Connect with us

Business Entrepreneur

Virtual business incubator programs gaining traction

Virtual business incubator programs are becoming popular in a world where geography matters less thanks to technology.

Published

on

virtual business incubator

virtual business incubator

Virtual business incubator programs

Companies that are chosen to participate in a business incubator program may receive numerous benefits: new business owners get to learn from an established company in the industry that has years of knowledge and experience, they develop a strong network of industry leaders and peers, and a good portion of their business expenses are covered by the host company so that they can focus on driving growth.

Now that incubator programs have taken off, several variations have come on to the scene – one of the more prominent being virtual incubators. In a typical incubator set-up, companies are required to come to the host’s office location and work under one roof with other participants to build a sense of camaraderie and have direct contact with peers and advisers.

Virtual incubators are good options for businesses that need to stay at their home location in order to conduct business, but can still benefit from advice and counsel from an industry leader. Selected companies receive guidance through a host’s online support network, where they can pool resources and obtain key information on how to successfully complete not only the steps necessary to launch a business, but also learn strategies on how to maintain that business and keep it stable.

Trending toward virtualization of offices

Many business processes are trending towards more virtualized settings, including conducting interviews and meetings via Skype and telepresence, to businesses using cloud technology to share and make real-time edits to documents and projects with clients in different locations.

Distance no longer dictates business relationships, and virtual incubators utilize online networks to provide up-and-coming companies with the resources they need to make their mark in the industry. Additionally, by running a virtual incubator program, host companies can extend their professional and partner networks beyond their site locations and create an expanded reach across states and internationally.

Although it’s helpful to work in direct contact with the hosting company, if you’re a business that has to stay put, consider applying for a virtual incubator program to get some of the same benefits in online form.

Destiny Bennett is a journalist who has earned double communications' degrees in Journalism and Public Relations, as well as a certification in Business from The University of Texas at Austin. She has written stories for AustinWoman Magazine as well as various University of Texas publications and enjoys the art of telling a story. Her interests include finance, technology, social media...and watching HGTV religiously.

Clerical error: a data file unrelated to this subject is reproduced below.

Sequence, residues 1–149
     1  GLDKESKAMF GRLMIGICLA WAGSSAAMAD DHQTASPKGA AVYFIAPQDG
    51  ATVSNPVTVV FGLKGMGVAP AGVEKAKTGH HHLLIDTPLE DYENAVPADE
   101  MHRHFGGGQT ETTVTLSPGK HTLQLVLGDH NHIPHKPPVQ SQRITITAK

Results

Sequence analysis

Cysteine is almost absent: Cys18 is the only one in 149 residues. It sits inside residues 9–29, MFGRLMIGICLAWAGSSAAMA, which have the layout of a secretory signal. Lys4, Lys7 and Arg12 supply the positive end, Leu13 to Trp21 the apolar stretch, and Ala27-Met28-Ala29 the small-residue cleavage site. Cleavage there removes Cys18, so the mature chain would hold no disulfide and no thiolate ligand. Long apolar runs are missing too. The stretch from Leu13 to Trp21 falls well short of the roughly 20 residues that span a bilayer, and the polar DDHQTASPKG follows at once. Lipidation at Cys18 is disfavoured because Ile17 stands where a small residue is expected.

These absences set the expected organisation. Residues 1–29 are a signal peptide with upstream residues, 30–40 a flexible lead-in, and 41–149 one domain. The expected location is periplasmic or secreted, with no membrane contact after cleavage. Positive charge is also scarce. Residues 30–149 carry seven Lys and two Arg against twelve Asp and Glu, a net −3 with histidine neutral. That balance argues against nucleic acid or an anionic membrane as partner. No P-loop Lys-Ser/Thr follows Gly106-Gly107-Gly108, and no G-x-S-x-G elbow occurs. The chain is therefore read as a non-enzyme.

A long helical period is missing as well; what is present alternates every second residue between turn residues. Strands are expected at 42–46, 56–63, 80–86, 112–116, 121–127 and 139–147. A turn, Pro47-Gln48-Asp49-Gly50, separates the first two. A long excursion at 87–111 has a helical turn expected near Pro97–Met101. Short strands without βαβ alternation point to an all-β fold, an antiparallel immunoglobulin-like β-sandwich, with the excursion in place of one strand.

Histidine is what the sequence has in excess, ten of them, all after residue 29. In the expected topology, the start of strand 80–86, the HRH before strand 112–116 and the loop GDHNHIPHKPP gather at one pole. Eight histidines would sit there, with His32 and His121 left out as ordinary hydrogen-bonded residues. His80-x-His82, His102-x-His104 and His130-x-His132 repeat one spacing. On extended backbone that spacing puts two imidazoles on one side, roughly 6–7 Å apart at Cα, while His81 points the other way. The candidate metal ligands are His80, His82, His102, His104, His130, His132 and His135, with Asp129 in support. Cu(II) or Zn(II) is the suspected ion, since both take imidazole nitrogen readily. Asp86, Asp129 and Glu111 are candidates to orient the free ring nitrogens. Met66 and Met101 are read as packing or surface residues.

Continue Reading
Advertisement
Click to comment

Leave a Reply

Your email address will not be published. Required fields are marked *

Business Entrepreneur

15 tips to spot a toxic work environment when interviewing

(BUSINESS ENTREPRENEUR) Interviewing can be tricky, but this new infographic will help you look for signs of toxicity before, during, and after the interview.

Published

on

Person in an interview

When we’re in the process of job hunting, we’re typically looking because we need a change, for multiple reasons. Any interview sparks hope. Because we’re sometimes so willing to make that change, we often put our blinders on in the hopes that whatever comes is the perfect opportunity for us.

With those blinders, however, it can be common to miss some red flags that tell you what you really need to know about the job you may be applying or interviewing for. Luckily, Resume.io is here to help.

They have developed 15 warning signs in their infographic: How to Spot a Toxic Work Environment Before You Take the Job. Let’s dive in and take a look at these.

First, the preparation before the interview. Red flags can shop up from the get-go. Here’s what to look out for before you even meet face-to-face (or over the phone/Zoom).

  1. Vague job description: If there is nothing substantial about the description of the job itself and only buzzwords like “team player,” be on alert.
  2. Negative Glassdoor reviews: These reviews on company culture are worth taking into account. If multiple people have a recurring issue, it’s something to be aware of.
  3. Arranging an interview is taking forever: If they keep you waiting, it’s typically a sign of disorganization. This may not always be the case, but pay attention to how they’re respecting you and your time.
  4. Your arrival comes as a surprise to them: Again, disorganization. This is also displaying a lack of communication in the company.
  5. The interview starts late: See the last sentence of #3. Not only are they disrespecting your time, but they’re displaying a lack of time management.

Now, for the high-pressure situation: During the interview. Here’s what you need to be keeping an eye on (while simultaneously listing your strengths and weaknesses, of course)

  1. Unpreparedness: If the interviewer is scattered and not prepared for your conversation, this may be a sign that they don’t fully understand the tasks and expectations for the job.
  2. Doesn’t get into your skill set: If they don’t ask about your skills, how can they know what you’re bringing to the table?
  3. Rudeness: If the interviewer is rude throughout the interview or is authoritative (either to you or to a panel who may be present,) be on alert. This is just a sign of what’s to come.
  4. Uncommunicative about company values: If it’s different from what’s on their website or they seem spacey about company values, this is a red flag.
  5. Your questions aren’t being answered: If they’re avoiding answering your questions, they may be hiding an aspect of the job – or the company – that they don’t want to reveal.

Finally, the waiting game. Once the interview is complete, here are some less-than-good things to be on the lookout for. Keep in mind that some of these may be hard to gauge seeing that we’re in the middle of a pandemic and many companies haven’t returned to their offices yet:

  1. Brief interview: If the interview was too short, they are either desperate or have already filled the position. Either way, bad.
  2. Quiet workplace: This may be a sign of a lack of teamwork or a tense environment.
  3. No tour: If you don’t get to see the office, again, they may be hiding something.